Last Sunday morning, gathered together with hundreds of others for worship, my pastor asked us to bow our heads to pray. Instead of his words praying over the congregation, we joined our voices together to say the Lord's Prayer as a body. I got chills instantly, and felt tears welling up in my eyes hearing those words spoken in unison by so many other believers.


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The words of that prayer Jesus taught us in Matthew 6:9-13 are powerful:


“Our Father in heaven, hallowed be your name,

your kingdom come, your will be done, on earth as it is in heaven.

Give us today our daily bread.

And forgive us our debts, as we also have forgiven our debtors.

And lead us not into temptation, but deliver us from the evil one.”

For yours is the kingdom and the power and the glory forever.



Nick Aufenkamp recently shared “A Simple Way to Pray Every Day” where he tells the story of Martin Luther writing a friend a letter about prayer that encouraged Christians to use the Lord's Prayer in a new way.



Aufenkamp shares Luther’s instructions to first read the prayer in Matthew once, and then to read it again praying through each petition individually.


“So, after praying, ‘Our Father in heaven, hallowed be your name,’ we may continue to pray,

‘Yes, Father, it is our great desire that your name would be feared and revered for who you are: our God, our Creator, the Holy One who, in unthinkable mercy, gave your only begotten Son to save us from your wrath upon our sin.’”

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We continue through the lines this way, adding our expanded prayers after each line of the Lord's Prayer, until we conclude with “Amen.”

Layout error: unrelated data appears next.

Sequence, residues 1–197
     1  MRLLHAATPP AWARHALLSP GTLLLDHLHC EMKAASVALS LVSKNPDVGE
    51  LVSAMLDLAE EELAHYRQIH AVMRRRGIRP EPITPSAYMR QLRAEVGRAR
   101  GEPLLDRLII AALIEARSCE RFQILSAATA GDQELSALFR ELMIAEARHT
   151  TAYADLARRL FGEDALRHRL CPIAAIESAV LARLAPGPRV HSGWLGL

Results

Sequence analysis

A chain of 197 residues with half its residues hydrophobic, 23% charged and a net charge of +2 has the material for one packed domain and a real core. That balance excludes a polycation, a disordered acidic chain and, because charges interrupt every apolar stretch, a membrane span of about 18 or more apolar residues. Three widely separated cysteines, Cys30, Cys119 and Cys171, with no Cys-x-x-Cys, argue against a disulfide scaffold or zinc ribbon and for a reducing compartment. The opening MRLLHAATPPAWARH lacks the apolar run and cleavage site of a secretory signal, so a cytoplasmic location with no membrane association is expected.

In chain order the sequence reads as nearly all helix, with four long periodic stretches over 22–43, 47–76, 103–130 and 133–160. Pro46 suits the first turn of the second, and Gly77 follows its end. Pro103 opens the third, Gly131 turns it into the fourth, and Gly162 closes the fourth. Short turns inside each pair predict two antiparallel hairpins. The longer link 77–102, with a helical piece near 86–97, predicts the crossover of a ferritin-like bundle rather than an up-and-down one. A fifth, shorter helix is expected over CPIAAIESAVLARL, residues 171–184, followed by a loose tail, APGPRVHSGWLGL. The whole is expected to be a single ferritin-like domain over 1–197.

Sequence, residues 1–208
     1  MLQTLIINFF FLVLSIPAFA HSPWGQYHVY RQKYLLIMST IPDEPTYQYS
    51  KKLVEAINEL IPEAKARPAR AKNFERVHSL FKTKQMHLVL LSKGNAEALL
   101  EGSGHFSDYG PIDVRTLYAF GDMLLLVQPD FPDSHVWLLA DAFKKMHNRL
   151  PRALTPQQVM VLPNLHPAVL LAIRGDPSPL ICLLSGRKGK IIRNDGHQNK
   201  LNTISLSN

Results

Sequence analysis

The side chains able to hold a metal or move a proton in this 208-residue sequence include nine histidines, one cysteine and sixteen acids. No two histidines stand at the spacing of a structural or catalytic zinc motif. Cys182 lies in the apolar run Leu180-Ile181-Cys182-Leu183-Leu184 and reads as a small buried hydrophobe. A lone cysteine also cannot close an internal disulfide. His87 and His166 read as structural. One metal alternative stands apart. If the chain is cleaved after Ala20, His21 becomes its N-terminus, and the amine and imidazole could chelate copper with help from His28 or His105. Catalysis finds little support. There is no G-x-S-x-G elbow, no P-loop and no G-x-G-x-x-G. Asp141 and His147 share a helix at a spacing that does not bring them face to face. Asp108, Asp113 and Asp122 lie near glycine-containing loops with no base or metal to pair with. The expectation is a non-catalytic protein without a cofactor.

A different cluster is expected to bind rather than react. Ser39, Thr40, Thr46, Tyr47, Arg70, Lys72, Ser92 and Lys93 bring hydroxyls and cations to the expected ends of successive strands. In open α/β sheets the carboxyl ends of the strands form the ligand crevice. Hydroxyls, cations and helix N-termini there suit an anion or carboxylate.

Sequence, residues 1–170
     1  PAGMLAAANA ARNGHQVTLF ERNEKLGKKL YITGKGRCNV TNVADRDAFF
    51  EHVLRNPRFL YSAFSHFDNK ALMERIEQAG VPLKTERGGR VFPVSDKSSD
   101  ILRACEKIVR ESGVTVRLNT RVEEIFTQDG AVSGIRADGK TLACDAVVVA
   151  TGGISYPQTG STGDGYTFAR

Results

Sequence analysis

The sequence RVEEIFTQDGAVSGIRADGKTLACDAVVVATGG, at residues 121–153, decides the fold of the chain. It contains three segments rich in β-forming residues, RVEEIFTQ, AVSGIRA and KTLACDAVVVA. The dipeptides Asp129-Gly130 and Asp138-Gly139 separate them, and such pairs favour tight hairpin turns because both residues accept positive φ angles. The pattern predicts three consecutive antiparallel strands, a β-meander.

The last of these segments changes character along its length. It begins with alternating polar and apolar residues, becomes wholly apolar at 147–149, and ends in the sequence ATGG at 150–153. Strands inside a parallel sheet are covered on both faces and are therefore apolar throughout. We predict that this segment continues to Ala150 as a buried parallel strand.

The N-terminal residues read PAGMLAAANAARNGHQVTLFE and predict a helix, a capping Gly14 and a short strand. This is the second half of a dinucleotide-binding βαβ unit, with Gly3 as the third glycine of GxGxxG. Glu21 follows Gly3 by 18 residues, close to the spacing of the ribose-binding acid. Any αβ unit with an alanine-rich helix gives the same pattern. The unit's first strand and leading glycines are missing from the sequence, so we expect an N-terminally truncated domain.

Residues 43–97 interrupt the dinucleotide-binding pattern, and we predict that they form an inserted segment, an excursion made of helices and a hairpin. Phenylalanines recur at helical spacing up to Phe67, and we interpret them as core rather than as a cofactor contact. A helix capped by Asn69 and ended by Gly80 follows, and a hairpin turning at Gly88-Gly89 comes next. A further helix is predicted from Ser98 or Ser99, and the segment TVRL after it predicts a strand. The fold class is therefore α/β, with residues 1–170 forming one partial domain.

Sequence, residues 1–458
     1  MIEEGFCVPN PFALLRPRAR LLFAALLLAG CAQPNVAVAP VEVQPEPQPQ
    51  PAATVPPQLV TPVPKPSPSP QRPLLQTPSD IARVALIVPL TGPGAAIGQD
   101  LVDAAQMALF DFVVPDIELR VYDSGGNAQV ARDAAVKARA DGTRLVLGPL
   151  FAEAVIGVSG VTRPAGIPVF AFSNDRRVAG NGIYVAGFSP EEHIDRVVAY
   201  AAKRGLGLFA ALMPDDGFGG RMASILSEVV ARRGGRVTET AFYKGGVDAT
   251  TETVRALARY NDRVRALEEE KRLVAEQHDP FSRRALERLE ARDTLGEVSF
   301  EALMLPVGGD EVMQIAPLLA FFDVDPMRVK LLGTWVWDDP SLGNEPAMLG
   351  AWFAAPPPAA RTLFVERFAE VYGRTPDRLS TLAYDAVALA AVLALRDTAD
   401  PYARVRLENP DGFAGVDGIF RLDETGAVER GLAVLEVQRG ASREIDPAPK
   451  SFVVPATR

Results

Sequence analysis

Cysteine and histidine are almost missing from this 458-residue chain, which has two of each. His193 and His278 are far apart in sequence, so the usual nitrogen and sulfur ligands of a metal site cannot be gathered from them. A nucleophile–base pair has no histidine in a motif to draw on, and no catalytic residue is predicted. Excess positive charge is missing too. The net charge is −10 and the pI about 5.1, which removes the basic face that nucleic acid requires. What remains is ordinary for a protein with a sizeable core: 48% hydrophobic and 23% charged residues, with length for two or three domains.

The “Amen” is not just a quick conclusion to this prayer though, but Aufenkamp shares Luther’s belief that it is a powerful word to end with.

“You must always speak the Amen firmly,” writes Luther. “Never doubt that God in his mercy will surely hear you and say ‘yes’ to your prayers. . . . Do not leave your prayer without thinking, ‘Very well, God has heard my prayer; this I know as a certainty and a truth.’ That is what Amen means.”


Apart from the power of reflecting on the words of this prayer with other believers in unison or through contemplative personal prayer, Aufenkamp shares three other benefits of praying the way Jesus taught his followers.

Here’s what Aufenkamp explains that the Lord's Prayer enables us to do:


1) “Seek first his kingdom and his righteousness (Matthew 6:33).”


I know I personally often pray most for my own self. But this prayer helps me shift my focus back outward and upward to the kingdom of God and his glory above all else. “Praying the Lord's Prayer as Luther recommends helps us to seek a greater awareness of Christ, other people, and God’s broader mission in our prayers,” says Aufenkamp.

2) “Discipline our wandering minds.”


I love the line of the hymn “Come Thou Fount” that says “bind my wandering heart to thee.” Not because it’s pretty, but because it’s so true. I’m so prone to wander and I feel that daily. And working through the lines of this prayer methodically helps me to focus and stay on track.


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3) “Build a fence so our prayers can run wild inside.”


Aufenkamp understands that praying this way might feel too structured and limiting to some. But he says “I am amazed to find that, every time I pray through the Lord's Prayer as Luther has commended, my prayers have been richer, deeper, and more revealing, and have unlocked affections that are otherwise seldom seen.”


After being so moved by the words of this prayer in a corporate setting yesterday, I’m looking forward to diving deeper into the beauty of them in my personal prayer this week.


We shouldn’t ignore that Jesus clearly commands us to “pray like this” (Matthew 6:9) -- “the Lord's Prayer is meant to have a total, shaping effect on our hearts, helping us to see and yearn for the very things that God himself desires,” writes Aufenkamp.


There is power in these words. And there is power in dwelling on them intentionally as we offer our hearts in surrender to the Lord who is alive and at work and drawing us nearer to him day by day.





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